One of 3 lodges located in Ongava Game Reserve, in northern Namibia, adjacent to Etosha National Park‘s northern border, Little Ongava is a small, renowned eco-luxury lodge.
Built on the crest of a hill, and possessing stunning views of the plains below, Little Ongava is a stone, wood and thatch construct, and is comprised of a main area – dining room, lounge, bar, library, swimming pool, decking, stone fire place – and just 3 hi-spec suites. In contrast to the building’s more classical lines, which are wherever possible vertical and horizontal, the shared area is a busy mixture of styles; chic discoloured walls and well-chosen pieces of art combining with colonial-style furniture.
Food & service
Welcoming and attentive, the service of Little Ongava is excellent, as is the cuisine, and guest feedback has been largely fantastic.
Built with privacy in mind, the 3 luxury suites are almost self-contained. Fantastically designed, each is characterised by dark wooden floors, great panels of sliding glass, raised decking, plunge pools, large double beds, a separate toilet and shower room alongside an extraordinary bathroom.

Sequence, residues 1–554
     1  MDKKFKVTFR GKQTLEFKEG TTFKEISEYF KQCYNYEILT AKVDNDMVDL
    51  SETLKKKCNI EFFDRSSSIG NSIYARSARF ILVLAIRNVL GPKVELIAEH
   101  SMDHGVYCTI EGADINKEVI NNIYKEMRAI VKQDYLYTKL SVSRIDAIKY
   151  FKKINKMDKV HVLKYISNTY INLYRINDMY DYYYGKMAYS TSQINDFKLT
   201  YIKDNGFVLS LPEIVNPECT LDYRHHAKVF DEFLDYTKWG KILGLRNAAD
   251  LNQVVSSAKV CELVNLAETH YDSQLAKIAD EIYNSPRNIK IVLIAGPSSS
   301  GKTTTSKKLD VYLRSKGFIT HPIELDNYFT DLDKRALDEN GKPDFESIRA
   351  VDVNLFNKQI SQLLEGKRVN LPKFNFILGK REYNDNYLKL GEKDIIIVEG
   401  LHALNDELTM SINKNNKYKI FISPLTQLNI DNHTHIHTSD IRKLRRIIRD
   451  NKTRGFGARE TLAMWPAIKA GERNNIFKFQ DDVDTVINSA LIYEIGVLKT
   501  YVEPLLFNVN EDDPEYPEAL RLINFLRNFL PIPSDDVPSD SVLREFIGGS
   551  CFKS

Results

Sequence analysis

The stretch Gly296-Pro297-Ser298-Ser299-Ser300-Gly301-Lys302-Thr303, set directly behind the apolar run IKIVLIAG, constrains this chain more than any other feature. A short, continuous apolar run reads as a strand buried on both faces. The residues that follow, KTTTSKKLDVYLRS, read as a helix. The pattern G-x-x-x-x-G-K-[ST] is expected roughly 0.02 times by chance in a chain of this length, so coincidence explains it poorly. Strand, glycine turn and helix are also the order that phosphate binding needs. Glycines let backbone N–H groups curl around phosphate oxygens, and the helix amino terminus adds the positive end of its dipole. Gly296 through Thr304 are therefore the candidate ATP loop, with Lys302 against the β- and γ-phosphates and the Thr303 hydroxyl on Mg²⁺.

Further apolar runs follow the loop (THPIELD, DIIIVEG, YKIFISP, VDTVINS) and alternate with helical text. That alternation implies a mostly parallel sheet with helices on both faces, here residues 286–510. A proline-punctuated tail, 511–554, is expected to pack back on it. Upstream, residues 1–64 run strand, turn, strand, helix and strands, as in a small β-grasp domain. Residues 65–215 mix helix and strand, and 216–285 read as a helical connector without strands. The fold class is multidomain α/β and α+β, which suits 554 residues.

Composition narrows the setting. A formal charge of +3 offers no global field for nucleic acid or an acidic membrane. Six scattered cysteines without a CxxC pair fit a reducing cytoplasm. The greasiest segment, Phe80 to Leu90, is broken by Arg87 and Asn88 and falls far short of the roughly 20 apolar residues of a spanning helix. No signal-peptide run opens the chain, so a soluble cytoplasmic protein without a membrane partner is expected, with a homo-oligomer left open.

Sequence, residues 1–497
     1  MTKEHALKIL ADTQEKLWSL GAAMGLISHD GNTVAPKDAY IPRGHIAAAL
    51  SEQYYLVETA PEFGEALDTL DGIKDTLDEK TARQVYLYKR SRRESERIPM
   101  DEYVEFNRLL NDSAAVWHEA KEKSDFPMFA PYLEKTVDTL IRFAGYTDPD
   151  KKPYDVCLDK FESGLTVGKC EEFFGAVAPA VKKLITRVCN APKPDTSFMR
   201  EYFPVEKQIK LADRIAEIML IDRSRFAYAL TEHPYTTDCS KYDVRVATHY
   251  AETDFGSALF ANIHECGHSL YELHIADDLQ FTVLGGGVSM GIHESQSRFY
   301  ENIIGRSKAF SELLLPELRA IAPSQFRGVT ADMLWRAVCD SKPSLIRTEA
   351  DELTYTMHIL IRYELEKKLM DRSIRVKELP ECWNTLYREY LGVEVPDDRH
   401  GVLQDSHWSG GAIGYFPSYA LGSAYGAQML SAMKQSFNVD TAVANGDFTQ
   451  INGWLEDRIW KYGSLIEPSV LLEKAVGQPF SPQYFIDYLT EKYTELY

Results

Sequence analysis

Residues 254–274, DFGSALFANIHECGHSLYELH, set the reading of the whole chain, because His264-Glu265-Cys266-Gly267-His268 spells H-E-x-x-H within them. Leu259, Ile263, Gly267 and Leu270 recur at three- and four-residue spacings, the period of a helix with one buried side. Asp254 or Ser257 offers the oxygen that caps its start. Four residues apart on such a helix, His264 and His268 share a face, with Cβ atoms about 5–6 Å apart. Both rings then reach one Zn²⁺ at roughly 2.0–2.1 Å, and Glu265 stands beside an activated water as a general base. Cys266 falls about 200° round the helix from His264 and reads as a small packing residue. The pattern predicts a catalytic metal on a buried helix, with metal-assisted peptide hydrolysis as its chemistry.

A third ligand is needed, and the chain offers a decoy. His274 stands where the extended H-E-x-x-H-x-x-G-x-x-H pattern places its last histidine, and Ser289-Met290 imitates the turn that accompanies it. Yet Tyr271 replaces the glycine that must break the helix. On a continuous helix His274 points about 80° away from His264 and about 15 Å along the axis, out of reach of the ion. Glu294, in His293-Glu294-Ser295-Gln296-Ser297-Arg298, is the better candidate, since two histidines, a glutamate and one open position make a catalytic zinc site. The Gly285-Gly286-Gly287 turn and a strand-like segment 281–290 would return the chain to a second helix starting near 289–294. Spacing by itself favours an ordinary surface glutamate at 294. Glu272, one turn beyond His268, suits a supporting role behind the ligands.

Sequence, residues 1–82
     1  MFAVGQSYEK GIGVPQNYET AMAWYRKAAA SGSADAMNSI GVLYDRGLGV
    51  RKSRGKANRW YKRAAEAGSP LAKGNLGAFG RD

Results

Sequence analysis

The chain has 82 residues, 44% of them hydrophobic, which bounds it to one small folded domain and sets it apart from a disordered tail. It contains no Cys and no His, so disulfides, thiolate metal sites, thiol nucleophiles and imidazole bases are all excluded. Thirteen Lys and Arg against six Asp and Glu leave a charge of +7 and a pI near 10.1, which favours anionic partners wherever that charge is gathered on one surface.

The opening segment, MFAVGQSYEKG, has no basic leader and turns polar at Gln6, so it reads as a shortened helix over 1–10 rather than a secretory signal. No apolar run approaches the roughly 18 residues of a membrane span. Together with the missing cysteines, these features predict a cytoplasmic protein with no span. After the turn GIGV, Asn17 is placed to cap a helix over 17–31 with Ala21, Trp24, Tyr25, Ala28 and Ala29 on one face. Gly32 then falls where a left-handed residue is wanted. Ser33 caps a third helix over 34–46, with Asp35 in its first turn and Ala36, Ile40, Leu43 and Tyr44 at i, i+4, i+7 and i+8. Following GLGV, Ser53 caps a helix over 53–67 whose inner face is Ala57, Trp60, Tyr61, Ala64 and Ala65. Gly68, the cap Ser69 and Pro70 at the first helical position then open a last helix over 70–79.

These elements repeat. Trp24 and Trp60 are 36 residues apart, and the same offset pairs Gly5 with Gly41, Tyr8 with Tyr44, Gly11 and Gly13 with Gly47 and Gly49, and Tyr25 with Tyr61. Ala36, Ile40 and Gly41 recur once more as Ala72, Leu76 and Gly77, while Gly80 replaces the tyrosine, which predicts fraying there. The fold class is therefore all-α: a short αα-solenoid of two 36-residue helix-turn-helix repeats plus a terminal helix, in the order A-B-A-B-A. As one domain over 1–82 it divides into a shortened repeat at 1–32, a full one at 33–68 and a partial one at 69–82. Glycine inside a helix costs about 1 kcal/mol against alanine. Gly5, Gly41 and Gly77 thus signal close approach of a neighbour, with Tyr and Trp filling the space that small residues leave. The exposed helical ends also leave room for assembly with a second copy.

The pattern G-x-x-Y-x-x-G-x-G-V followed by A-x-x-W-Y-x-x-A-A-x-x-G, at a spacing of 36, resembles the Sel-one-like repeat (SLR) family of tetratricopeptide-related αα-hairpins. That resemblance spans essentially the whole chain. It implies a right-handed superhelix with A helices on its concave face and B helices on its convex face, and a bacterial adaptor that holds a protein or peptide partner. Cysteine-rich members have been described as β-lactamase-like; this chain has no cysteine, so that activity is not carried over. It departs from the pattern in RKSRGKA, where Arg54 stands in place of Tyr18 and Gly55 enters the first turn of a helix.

The view is truly wonderful, and can be enjoyed from a number of vantage points – bed, bath, seating area or veranda. The bathroom is expertly restrained, containing just a standalone Victorian bath and a centrally positioned twin basin. Its dark floor and glass walls make bathing an experience in itself.
Activities at Little Ongava include night and day wildlife drives, excursions into Etosha, guided walks and sundowners. Please note that children below 12 years cannot take part in the guided walks.
Little Ongava supports the Ongava Research Centre which is paving the way for the protection and preservation of some of the most rare and endangered species of wild animals on the planet. Cutting edge research into the genetics of Ongava’s rhino population is just one example of how the work being done at Ongava Research Centre is making a difference to conservation not only in Namibia but also throughout Africa. Through parentage analysis of Ongava’s closed white and black rhino populations, this will continue to play a leading role in the conservation and recovery of these species.